McNeil muses on the same question, with thoughts on growing up black in an overwhelmingly white world, as she did. “The theatre community is beautiful here,” she says. “But if you don’t ever see yourself onstage you don’t know if you’re invited in.”

Jameela McNeil, Kristen Alter, Jesse Lipscombe in John Ware Reimagined. Photo by Marc J Chalifoux Photography 2017

McNeil was the only black kid in her high school class and then the theatre program at MacEwan, which parallels the situation of the 1960s character whose reactions to the John Ware mythology are part of Foggo’s play. “I know who I am,” says the engaging McNeil. ”But I noticed being the only one! I’m trying to seek out cultural diverse theatre, theatre that attracts a diverse audience!”

Lipscombe argues that John Ware Reimagined “isn’t so much a black story, it’s an Alberta story.” Which points to our woeful ignorance about our own history, and the lively part in it played by black Albertans — for generations. “I want to take the colour off it.”

“There’s a certain kind of individual who just will not accept restrictions,” Lipscombe smiles. John Ware “was able to continually change: he was a pliable hero. And that gives the story universality,” he thinks. “He understood he had to play the game. And so do most North American black guys: I don’t wear a hoodie at night, for example,” he says, with a shrug, of the accommodations to stereotype he accepts, and those he doesn’t.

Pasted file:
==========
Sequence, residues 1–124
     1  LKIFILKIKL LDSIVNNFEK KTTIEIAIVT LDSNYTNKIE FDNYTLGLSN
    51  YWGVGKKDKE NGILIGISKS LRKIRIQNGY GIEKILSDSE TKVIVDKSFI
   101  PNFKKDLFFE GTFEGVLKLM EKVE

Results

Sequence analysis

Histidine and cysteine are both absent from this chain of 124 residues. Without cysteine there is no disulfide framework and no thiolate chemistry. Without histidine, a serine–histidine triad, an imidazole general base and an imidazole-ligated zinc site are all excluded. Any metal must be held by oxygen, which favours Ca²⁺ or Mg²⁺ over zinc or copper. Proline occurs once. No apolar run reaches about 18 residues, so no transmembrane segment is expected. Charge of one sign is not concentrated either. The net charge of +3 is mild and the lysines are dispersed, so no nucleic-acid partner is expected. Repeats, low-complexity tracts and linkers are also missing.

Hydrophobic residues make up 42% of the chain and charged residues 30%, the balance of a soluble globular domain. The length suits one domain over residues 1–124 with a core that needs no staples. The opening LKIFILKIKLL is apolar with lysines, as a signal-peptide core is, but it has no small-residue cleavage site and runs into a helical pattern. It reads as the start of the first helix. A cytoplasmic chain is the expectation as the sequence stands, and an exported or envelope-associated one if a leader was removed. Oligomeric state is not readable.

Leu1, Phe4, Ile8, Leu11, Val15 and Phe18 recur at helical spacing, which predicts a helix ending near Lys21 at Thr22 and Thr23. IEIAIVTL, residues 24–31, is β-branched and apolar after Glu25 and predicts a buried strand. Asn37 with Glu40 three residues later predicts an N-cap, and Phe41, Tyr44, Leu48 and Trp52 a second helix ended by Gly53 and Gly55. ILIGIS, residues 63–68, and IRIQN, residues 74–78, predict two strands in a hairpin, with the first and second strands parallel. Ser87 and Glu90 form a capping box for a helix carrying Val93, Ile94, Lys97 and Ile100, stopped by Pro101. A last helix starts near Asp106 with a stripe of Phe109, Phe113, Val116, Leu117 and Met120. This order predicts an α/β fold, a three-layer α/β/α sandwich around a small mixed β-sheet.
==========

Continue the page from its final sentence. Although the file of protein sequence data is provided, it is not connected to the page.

“He knew what he had to do but it didn’t define him.” For Lipscombe these are words to live by.

And McNeil, as a young up-and-comer in the theatre scene, is inspired as well by the way Mildred, John Ware’s feisty wife — who arrived in the Wild West from a much more established black community in Toronto — “held the reins” in social encounters. Mildred certainly made it awkward. “Yes, I’m a young black woman! I’m not going to be confined by societal expectations! John Ware wasn’t going to let his flame be (extinguished),… I just smile when I think of him.” And she does.

Says Lipscombe, “he left everyone and everything better…. That’s an inspiring way to live.”

John Ware Reimagined, directed by Kevin McKendrick, runs at the Backstage Theatre in the ATB Financial Arts Barns (10330 84 Ave.) through Nov. 19. Tickets: TIX on the Square (780-420-1757, Meet the playwright Cheryl Foggo at